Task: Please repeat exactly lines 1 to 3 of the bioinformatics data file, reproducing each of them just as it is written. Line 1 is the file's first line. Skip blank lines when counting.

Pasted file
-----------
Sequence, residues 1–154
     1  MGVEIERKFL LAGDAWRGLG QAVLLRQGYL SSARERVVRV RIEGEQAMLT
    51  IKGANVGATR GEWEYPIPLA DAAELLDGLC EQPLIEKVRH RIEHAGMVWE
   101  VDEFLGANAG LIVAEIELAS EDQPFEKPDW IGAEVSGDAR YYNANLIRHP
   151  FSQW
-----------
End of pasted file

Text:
Sequence, residues 1–154
     1  MGVEIERKFL LAGDAWRGLG QAVLLRQGYL SSARERVVRV RIEGEQAMLT
    51  IKGANVGATR GEWEYPIPLA DAAELLDGLC EQPLIEKVRH RIEHAGMVWE